Ein Hemed – Aqua Bella
The Aqua Bella – Ein Hemed National Park, run by the Israel Parks and Nature Authority, is located on the path of an old Roman road, which was still in use after the Crusader period. The road connected the coastal plain with the Jerusalem hills. During Roman times the springs were known as Aqua Bella – Beautiful Water or Ein Hemed in Hebrew (literally Pleasant Spring.)
In the Ein Hemed park, four springs issue from the riverbed and nearby caves, and unite into a flow of water which continues for about 400 meter. Several dams have been built, creating shallow pools. The Nature and Parks Authority has installed picnic tables, toilets, and faucets. As a result, this is a great place to cool off on a hot summer day – or after lunch in Abu Gosh.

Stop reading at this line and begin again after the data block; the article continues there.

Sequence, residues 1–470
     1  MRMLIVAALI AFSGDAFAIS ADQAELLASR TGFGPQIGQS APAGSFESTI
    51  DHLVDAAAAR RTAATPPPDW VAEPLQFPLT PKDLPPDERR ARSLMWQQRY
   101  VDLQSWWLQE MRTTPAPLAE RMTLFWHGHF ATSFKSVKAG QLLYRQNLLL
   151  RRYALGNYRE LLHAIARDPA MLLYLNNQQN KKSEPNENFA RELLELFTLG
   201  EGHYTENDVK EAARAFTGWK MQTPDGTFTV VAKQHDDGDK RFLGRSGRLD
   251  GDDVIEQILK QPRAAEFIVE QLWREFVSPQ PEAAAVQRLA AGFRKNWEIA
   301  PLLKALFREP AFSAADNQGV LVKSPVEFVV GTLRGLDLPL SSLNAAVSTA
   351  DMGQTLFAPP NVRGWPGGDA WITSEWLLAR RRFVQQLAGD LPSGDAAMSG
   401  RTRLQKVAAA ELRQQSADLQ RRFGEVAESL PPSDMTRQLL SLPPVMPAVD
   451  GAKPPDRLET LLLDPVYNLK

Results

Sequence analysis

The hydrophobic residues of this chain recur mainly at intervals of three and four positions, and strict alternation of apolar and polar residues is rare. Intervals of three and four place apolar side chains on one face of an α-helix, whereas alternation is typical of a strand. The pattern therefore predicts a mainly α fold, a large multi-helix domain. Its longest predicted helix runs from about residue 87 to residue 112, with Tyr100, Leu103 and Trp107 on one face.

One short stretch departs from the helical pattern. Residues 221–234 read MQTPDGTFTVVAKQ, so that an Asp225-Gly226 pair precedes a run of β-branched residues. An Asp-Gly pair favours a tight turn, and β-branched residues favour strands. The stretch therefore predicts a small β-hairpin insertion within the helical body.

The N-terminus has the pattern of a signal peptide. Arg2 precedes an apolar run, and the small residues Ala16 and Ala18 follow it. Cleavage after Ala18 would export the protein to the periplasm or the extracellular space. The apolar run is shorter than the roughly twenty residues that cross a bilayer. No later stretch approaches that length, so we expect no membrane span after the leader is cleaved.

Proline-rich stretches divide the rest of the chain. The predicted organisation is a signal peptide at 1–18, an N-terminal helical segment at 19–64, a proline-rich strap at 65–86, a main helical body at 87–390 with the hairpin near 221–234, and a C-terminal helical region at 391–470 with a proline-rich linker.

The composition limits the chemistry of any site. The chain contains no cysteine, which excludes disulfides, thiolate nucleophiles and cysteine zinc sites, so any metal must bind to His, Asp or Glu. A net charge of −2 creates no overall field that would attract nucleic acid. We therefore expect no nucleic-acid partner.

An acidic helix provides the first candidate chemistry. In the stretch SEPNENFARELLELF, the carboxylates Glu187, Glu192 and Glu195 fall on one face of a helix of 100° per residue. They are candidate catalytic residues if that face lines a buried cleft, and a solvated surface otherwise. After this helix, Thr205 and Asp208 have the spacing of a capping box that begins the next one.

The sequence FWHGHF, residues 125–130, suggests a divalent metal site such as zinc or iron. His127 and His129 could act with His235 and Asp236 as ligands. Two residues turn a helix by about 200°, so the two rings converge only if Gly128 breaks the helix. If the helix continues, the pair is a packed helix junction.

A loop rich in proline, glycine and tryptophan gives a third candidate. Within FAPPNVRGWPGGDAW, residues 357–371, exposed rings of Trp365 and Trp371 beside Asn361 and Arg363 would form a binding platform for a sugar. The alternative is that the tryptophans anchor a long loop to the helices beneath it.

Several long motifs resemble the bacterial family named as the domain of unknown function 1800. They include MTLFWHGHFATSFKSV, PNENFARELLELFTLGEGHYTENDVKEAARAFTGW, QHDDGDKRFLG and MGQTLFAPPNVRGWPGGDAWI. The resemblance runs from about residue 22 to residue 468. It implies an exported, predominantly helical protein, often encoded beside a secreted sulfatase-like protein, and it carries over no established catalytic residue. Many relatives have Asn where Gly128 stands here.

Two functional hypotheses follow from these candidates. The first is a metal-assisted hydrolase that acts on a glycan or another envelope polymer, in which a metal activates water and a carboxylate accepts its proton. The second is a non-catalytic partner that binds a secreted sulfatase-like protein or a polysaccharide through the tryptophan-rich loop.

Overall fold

The Crusaders set up farms at Ein Hemed using the spring water for irrigation. Impressive ruins of a 30 x 40 meter Crusader structure, the southern wall of which survives to a height of 12 meters, are located on the north site of the riverbed. The building has several gates and two arched halls.
The inhabitants of the region attributed magical powers to the spring waters – virility, and ensuring the birth of a male child. In the past, Jews used the spring water as an ingredient for baking matza shmura (very very kosher unleavened bread for Passover).
Today, Jews from Jerusalem still come to Ein Hemed to perform the tashlich ceremony (a symbolic casting of sins into the water) before Yom Kippur.
For more details – see Ein Hemed National Park
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